Please use this identifier to cite or link to this item: http://hdl.handle.net/10397/1788
Title: Fasting plasma zeaxanthin response to Fructus barbarum L. (wolfberry; Kei Tze) in a food-based human supplementation trial
Authors: Cheng, Chung Yuen
Chung, Wai-yuen
Szeto, Yim Tong
Benzie, Iris F. F.
Subjects: Macular pigment
AMD
Zeaxanthin
Lutein
Fructus lycii
Kei Tze
Wolfberry
Antioxidant
Oxidative stress
Issue Date: Jan-2005
Publisher: Cambridge University Press on behalf of The Nutrition Society
Source: British Journal of Nutrition, Jan. 2005, v. 93, no. 1, p. 123-130.
Abstract: Age-related macular degeneration (AMD) is a common disorder that causes irreversible loss of central vision. Increased intake of foods containing zeaxanthin may be effective in preventing AMD because the macula accumulates zeaxanthin and lutein, oxygenated carotenoids with antioxidant and blue light-absorbing properties. Lycium barbarum L. is a small red berry known as Fructus lycii and wolfberry in the West, and Kei Tze and Gou Qi Zi in Asia. Wolfberry is rich in zeaxanthin dipalmitate, and is valued in Chinese culture for being good for vision. The aim of this study, which was a single-blinded, placebo-controlled, human intervention trial of parallel design, was to provide data on how fasting plasma zeaxanthin concentration changes as a result of dietary supplementation with whole wolfberries. Fasting blood was collected from healthy, consenting subjects; fourteen subjects took 15 g/d wolfberry (estimated to contain almost 3 mg zeaxanthin) for 28 d. Repeat fasting blood was collected on day 29. Age- and sex-matched controls (n 13) took no wolfberry. Responses in the two groups were compared using the Mann–Whitney test. After supplementation, plasma zeaxanthin increased 2·5-fold: mean values on day 1 and 29 were 0·038 (sem 0·003) and 0·096 (sem 0·009) μmol/l (P<0·01), respectively, for the supplementation group; and 0·038 (sem 0·003) and 0·043 (sem 0·003) μmol/l (P>0·05), respectively, for the control group. This human supplementation trial shows that zeaxanthin in whole wolfberries is bioavailable and that intake of a modest daily amount markedly increases fasting plasma zeaxanthin levels. These new data will support further study of dietary strategies to maintain macular pigment density.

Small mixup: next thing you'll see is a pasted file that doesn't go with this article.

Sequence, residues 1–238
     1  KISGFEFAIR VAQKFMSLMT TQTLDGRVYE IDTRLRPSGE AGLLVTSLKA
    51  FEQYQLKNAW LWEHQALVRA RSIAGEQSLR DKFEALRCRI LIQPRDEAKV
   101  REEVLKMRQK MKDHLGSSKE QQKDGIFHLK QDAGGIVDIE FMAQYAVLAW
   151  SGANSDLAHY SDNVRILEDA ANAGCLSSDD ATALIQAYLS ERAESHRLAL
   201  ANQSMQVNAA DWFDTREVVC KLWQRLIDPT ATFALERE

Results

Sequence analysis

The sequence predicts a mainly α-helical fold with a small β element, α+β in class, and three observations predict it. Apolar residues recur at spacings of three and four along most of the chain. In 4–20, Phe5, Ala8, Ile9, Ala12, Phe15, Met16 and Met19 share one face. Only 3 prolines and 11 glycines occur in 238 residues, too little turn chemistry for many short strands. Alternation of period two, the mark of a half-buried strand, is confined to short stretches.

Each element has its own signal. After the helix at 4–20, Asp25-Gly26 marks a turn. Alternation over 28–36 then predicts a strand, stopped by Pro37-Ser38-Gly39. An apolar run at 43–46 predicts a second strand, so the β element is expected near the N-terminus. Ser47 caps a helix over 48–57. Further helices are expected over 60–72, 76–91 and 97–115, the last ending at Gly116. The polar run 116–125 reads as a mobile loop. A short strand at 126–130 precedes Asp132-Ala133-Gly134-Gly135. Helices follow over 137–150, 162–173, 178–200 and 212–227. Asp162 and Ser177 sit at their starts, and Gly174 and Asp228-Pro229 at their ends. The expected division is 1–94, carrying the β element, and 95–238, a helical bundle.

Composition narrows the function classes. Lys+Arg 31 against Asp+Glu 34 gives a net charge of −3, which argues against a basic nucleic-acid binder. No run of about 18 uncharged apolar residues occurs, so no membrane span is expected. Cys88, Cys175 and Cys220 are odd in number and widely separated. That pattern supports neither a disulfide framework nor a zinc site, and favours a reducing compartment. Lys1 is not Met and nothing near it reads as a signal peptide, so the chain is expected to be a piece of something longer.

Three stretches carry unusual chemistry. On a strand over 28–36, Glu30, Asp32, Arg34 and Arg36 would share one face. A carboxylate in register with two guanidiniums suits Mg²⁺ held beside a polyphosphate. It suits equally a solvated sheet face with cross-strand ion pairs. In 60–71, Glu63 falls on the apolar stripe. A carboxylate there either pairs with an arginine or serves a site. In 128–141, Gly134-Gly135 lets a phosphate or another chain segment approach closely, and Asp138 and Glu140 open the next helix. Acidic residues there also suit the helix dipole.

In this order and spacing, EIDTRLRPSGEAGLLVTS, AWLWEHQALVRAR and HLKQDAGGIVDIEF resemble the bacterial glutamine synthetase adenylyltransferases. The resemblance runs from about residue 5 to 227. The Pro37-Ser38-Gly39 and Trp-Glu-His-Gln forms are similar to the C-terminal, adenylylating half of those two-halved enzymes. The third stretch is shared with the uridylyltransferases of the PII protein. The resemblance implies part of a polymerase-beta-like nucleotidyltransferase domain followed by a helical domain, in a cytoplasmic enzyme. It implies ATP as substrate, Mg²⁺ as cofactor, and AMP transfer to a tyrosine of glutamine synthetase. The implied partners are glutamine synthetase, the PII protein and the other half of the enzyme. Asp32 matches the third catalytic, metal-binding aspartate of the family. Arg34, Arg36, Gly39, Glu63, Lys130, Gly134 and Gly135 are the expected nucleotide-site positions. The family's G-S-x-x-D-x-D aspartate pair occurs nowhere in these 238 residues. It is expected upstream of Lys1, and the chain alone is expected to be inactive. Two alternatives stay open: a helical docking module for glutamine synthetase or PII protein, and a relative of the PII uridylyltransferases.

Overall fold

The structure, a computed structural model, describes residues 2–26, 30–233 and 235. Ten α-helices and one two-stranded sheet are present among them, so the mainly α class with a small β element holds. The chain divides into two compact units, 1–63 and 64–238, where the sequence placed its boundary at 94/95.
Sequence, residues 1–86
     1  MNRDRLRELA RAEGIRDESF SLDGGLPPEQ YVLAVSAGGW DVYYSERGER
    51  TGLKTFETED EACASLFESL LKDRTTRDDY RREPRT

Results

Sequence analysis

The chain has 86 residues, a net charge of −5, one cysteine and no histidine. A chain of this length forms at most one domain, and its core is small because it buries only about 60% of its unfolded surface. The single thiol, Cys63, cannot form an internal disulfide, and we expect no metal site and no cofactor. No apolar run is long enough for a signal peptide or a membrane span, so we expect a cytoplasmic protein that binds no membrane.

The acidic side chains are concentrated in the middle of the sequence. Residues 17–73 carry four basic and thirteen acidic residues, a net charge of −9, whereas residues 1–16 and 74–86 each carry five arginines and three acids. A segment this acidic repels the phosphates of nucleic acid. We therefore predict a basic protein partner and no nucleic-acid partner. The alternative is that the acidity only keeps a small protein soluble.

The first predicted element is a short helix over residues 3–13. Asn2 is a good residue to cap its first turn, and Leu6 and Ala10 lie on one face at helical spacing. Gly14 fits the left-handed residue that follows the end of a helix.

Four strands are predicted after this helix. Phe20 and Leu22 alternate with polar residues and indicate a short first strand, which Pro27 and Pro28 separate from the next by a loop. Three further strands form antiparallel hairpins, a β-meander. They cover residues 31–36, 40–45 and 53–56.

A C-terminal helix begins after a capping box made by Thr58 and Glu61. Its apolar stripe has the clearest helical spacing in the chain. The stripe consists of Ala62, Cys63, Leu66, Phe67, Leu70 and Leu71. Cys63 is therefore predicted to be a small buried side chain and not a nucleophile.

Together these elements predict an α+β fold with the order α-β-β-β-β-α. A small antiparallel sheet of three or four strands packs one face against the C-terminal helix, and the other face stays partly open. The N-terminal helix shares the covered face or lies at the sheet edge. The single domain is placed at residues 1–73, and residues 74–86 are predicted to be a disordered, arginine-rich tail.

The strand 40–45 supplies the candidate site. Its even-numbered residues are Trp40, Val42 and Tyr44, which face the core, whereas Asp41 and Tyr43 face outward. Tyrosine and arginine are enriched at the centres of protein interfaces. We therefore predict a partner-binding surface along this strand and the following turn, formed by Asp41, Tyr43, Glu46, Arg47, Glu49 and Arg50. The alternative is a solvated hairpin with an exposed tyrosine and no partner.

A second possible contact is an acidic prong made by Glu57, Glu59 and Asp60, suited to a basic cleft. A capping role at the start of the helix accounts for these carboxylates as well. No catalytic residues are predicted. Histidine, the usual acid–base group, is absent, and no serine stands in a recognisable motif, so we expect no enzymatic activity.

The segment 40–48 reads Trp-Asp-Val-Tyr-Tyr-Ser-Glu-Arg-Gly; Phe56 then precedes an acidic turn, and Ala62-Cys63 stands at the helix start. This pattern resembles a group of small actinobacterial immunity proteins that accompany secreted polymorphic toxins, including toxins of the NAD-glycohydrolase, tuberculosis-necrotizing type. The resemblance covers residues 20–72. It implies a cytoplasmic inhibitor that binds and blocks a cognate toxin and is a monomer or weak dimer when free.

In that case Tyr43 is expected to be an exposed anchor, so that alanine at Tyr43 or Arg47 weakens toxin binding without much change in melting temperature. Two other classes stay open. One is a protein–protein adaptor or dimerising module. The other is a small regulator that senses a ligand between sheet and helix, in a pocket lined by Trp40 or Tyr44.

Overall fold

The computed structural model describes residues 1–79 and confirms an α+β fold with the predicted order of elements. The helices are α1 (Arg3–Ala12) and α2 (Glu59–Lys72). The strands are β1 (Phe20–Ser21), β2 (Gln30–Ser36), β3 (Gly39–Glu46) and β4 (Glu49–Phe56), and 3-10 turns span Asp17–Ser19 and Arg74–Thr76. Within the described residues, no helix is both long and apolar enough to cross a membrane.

Rights: © The Authors 2005.
The journal web page is located at: http://journals.cambridge.org/action/displayJournal?jid=BJN
Type: Journal/Magazine Article
URI: http://hdl.handle.net/10397/1788
DOI: 10.1079/BJN20041284
ISSN: 0007-1145
1475-2662 (eISSN)
Appears in Collections:HTI Journal/Magazine Articles



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